Actually, I like the constant change (isn’t that an oxymoron?) in this job, because it gives me a good excuse to try and learn new stuff all the time. Though when I think about it, I got into programming as a kid to make demos and games for my friends and I’m not sure how I ended up developing applications and websites 20 years later… In fact, just as mister3d, I’m at a crossroads of sorts right now, too, thinking about switching careers… I just might check for myself how much OpenGL changed over the last 15 years, the math I guess stayed more or less the same, and I do miss the opportunity at my current job to use Python. You certainly have the more interesting job of us two, I always wanted to become some sort of a graphics programmer professionally (and look what I ended up doing :p).


#29

This happens in just about any trade, that feeling of being tired of it all. I live it presently in IT and I lived it previously when I was working in ship building…

It’s mostly due to the fact that we live in a competition based society. We all compete against one an other and so, we must keep on improving if we don’t want to end up in the ditch. Competition isn’t bad per se, since most innovations comes from it. But when it is taken to extreme it does have an impact on our live. I may be a dreamer, but I would like for once, if we could as a society, try a more cooperative way of doing things.

PS: I’m a total noob when it comes to 3D modelling and arts, so I don’t really know the reality that you all live in. But like I said, it’s a universal thing.


#30

+1 I am a web developer myself, and if you thought 3d changes quickly: think again! CG evolves at a leisurely pace, and that is why I enjoy working and keeping up in it. Compared to web dev which can be overwhelming at times - and I teach that stuff! :stuck_out_tongue_winking_eye:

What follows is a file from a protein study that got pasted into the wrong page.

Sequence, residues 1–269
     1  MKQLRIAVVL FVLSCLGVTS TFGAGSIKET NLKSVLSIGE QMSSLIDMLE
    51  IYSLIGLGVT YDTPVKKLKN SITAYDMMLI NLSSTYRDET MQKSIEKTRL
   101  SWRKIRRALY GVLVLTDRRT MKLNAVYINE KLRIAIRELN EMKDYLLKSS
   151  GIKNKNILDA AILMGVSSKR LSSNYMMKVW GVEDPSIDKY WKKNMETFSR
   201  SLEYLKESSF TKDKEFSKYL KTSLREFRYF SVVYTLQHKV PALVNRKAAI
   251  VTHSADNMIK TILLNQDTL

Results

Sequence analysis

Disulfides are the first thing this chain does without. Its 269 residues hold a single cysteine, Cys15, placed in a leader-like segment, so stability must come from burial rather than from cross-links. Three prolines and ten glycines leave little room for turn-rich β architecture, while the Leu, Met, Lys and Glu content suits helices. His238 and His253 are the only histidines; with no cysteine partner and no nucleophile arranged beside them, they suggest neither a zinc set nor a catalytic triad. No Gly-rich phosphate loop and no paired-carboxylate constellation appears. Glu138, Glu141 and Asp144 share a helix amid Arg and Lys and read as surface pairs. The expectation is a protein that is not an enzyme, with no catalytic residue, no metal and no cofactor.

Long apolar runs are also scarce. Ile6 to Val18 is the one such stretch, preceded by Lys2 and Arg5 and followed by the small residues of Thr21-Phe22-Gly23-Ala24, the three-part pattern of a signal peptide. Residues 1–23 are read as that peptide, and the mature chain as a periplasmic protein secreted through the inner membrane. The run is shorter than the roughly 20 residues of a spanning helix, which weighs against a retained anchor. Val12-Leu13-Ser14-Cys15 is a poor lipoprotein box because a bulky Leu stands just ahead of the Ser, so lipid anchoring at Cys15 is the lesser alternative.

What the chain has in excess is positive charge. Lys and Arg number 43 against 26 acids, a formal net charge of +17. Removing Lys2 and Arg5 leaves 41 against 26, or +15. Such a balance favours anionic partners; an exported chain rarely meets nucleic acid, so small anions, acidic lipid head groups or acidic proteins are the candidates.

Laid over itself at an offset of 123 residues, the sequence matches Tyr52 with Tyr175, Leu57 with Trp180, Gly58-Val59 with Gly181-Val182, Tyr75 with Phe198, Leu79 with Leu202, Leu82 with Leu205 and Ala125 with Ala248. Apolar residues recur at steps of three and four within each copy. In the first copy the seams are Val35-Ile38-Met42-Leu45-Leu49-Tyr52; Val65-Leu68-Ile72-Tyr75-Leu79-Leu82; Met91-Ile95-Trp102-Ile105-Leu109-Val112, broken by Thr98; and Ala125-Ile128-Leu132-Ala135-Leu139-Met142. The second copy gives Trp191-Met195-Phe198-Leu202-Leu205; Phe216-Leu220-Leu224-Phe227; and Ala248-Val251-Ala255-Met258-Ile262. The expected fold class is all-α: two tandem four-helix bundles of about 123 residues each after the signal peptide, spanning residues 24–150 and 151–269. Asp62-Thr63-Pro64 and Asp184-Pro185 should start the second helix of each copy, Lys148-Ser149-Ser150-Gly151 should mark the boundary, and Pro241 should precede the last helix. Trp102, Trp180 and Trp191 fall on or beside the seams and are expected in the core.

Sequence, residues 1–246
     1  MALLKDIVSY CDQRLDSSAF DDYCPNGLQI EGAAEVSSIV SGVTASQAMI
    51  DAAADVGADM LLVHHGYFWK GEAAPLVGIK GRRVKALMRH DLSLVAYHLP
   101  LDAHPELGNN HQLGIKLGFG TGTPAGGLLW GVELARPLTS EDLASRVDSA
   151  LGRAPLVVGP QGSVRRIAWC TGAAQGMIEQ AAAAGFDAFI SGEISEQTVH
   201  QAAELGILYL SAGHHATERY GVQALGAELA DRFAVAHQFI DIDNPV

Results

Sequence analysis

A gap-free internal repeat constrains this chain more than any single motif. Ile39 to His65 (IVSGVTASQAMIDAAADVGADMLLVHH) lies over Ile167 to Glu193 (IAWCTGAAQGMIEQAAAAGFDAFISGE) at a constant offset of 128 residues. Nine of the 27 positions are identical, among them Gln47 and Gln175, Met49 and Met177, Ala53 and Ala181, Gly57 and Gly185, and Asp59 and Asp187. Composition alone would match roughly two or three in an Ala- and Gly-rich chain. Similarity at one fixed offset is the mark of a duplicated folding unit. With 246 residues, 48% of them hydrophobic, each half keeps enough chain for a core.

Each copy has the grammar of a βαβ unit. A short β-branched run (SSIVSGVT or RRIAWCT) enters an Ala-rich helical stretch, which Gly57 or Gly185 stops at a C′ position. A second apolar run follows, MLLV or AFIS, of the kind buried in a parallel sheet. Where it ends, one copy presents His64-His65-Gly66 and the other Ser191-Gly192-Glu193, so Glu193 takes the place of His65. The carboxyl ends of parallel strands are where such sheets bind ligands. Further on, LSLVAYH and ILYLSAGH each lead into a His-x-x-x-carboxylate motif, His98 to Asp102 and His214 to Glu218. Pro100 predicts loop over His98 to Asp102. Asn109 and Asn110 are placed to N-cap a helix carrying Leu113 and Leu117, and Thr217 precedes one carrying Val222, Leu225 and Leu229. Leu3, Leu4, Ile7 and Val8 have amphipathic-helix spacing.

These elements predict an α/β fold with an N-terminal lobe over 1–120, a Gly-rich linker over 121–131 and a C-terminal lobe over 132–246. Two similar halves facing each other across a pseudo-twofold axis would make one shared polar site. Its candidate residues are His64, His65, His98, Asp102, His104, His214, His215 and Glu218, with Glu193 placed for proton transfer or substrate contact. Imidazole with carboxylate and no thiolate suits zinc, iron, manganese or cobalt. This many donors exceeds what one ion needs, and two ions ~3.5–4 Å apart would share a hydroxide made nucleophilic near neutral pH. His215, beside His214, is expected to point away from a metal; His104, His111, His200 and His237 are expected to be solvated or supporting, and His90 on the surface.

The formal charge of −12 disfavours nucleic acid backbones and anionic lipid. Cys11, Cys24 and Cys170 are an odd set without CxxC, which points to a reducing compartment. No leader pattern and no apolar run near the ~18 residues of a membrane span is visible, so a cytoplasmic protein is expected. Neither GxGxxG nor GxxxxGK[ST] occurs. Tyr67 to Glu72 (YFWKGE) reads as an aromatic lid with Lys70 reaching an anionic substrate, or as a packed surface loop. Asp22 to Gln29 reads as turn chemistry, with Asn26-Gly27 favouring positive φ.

#31

I can definitely say I’ve had enough. It’s been a long time, likely since the arrival of Vue 6 Infinite on the market (maybe around 2006 or 2007), that I have seen anything that excited me enough to want to get into it. Why? I think part of the reason is my purpose for getting into it. I wanted to make my own shows or cartoons. For that purpose I feel it is too demanding. Also I have seen the future.

The future is that programs like iClone or MovieStorm, or some new comer to the market, are going to look as good as Unreal 4, CryEngine 3 or Capcom’s upcoming Deep Down demo. There will be an endless stream of content, models, textures, sets, environments, in the sub $10 USD range, and a lot will be free. They will be at variable levels of quality, but there will be plenty of high quality stuff for these engines. There will be no end of motion libraries. Someone who wants to create their show will be able to truly focus on being a director or storyteller, and never have to think about modeling, texturing and the like. It will be like showing up on set or location and only concerning yourself with directing your actors etc. I can see this coming and I feel it is so close. It makes spending hours modeling, texturing or setting up advanced rigs feel like a waste of time to me. (some sculpting can still be fun at times though) I don’t recall ever in my life enjoying modeling. I got good at it because I needed models to animate in my shows. I never enjoyed texturing. I got good at it because the characters in my shows wouldn’t look good without it. I also got good at it because I used these skills in very high paying jobs.